First let me say I totally agree with ikegami above regarding profiling. Also, check out When perl is not quite fast enough, a really good article. But don't change the variable declarations blindly! Some code might depend on a non-undef, false value like 0 or ""

    @_=qw; Just another Perl hacker,; ;$_=q=print "@_"= and eval;
Re: How does variable definition affect Perl performance ?
by Joost (Canon) on Dec 05, 2009 at 04:14 UTC
    Short answer: no and no.

    First question: initializing with $var = undef. Absolutely first: why aren't you using my? Secondly: 0, "" and undef are distinct values that can interact differently with the rest of the code, Don't assume that you can use them interchangeably.

    Second question: length($string) == 0 vs if ($string): this is a good example of the difference mentioned above: 0, "0", undef and "" are all logically false in perl, but "0" and 0 are of length 1 while undef and "" are of length 0.

    As for performance; this kind of nitpicking is unlikely to give you a speedup even a couple of orders of magnitudes smaller than the time you need to spend to make the change and test that the code will still work correctly, even if your code is running continously for a year or two. Look at the overall algorithm and its performance characteristics and improve that instead. For instance, minimize disk I/O in favor of using more memory if you can: for any file that's read more than once you're probably better off reading it into an array or hash table and keeping it there.

    Even if you can't do that right now because of memory limits, it may be more efficient in terms of money and time to add a couple of Gb of RAM to the machine instead of messing about with the code. RAM is cheap and it'll only get cheaper, and so is CPU power; a couple of days worth of development time will buy you a top-of-the-line new machine. An hour or two development time will buy you a couple of Gb of RAM.

Re: How does variable definition affect Perl performance ?
by cdarke (Prior) on Dec 05, 2009 at 16:34 UTC
    If you want to improve your code then run Perl::Critic on it - you will get plenty of sugggestions.

    If you really want to know the effect of operations on variables then consider using Devel::Peek.

    But, as others have said, there are probably better things you should be spending your time on over the Christmas period.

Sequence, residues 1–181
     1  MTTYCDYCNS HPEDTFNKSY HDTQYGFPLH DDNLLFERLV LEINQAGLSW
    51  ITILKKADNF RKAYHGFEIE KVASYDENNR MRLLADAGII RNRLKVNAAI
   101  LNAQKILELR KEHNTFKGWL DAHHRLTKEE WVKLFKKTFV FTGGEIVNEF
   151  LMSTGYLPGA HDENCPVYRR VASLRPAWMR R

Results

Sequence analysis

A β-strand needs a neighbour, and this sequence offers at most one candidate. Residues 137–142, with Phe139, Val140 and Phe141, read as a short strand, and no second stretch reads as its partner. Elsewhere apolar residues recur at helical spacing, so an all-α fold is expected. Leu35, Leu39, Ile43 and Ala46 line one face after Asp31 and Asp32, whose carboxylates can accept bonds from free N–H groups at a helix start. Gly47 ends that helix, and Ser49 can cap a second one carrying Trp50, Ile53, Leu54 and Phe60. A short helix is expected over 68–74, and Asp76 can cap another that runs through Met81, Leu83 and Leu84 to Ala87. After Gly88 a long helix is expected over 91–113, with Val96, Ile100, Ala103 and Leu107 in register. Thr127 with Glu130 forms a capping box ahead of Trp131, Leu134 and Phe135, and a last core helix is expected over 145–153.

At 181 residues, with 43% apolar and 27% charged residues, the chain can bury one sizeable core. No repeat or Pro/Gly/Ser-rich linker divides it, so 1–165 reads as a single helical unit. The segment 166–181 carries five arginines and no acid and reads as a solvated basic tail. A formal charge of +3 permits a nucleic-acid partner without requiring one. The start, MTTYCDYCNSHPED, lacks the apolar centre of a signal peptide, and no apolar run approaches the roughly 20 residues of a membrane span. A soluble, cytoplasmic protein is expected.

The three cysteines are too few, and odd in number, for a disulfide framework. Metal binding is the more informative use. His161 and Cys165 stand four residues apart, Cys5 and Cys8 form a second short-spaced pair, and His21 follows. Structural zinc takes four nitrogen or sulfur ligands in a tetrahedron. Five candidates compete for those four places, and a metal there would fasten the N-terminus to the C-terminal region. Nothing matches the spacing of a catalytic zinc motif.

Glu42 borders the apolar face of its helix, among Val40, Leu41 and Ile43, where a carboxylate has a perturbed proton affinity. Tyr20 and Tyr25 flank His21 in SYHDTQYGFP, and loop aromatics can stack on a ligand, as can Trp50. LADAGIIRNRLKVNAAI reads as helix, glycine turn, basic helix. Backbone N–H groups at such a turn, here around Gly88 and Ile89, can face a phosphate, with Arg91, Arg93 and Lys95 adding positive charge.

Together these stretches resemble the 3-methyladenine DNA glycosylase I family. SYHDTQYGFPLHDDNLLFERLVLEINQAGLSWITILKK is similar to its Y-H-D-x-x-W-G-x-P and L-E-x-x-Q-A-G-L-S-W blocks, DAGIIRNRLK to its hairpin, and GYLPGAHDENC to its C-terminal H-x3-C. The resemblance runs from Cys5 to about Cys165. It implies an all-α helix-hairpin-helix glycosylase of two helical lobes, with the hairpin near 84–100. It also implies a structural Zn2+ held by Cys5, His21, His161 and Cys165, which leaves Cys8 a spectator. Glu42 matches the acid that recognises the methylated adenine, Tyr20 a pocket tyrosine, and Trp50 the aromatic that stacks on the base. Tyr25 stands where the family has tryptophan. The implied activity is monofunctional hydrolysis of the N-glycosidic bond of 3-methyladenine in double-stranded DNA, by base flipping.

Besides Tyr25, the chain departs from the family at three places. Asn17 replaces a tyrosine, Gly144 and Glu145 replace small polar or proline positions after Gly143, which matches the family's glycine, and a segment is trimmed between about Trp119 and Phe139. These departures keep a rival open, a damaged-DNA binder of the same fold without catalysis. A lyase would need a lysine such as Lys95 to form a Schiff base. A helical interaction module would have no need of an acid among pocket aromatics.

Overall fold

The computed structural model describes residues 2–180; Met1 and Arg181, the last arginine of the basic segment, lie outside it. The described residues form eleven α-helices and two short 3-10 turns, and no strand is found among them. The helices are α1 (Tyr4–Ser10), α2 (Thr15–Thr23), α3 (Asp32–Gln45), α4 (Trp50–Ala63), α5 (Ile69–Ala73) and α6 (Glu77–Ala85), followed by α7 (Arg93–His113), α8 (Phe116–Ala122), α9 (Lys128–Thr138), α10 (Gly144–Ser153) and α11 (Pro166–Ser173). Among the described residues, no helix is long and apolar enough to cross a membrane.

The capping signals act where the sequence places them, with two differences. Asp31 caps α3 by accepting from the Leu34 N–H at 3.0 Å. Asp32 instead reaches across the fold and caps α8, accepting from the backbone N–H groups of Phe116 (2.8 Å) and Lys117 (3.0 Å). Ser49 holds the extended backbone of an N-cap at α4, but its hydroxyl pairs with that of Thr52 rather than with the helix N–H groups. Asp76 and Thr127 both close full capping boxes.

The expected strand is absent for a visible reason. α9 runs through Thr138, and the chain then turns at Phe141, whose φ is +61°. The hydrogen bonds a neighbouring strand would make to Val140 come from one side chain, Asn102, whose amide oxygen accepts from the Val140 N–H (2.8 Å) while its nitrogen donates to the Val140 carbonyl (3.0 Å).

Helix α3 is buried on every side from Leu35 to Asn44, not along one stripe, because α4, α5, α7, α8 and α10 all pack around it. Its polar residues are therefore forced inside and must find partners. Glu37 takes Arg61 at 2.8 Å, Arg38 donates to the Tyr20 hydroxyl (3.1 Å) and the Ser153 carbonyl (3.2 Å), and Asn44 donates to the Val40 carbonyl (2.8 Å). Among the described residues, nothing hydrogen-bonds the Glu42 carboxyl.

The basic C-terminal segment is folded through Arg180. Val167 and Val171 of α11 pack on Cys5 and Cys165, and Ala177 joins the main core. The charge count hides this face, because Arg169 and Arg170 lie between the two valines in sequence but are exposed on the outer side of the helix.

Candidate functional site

How about improving the testing for your modules? You do using Test::More, don't you?
    What about updating all that documentation you never got around to? Did you ever get around to learning POD?

      Documentation ?!?? What's that ?

      Seriously, you may have a point, and judging from others' comments, once you get a script of this size there are as many ways to write it as there are Perl authors.

      Thanks for all the responses - I'll play it safe and only do what I've been asked to do...

      ...although I may give Perl::Critic a whirl...

Re: How does variable definition affect Perl performance ?
by wazoox (Prior) on Dec 05, 2009 at 11:05 UTC

    Aren't these variables global? As others said, initializing an empty variable should hardly matter; however setting to 0 a variable containing huge data can maybe take time.

      setting to 0 a variable containing huge data can maybe take time.

      No. Why would assigning to a variable have to traverse the contained string? The length of the string contained doesn't matter. It's not even freed (which still wouldn't effect the time taken for long strings vs small strings).

      Or maybe you are talking about a scalar that contains the last reference to an object or a large structure? Destroying the structure can take time (e.g. if destructors need to be called), but I don't see the relevance. Destroying the structure will have to occur sooner or later. It's not going to speed up the OP's program by delaying when it occurs.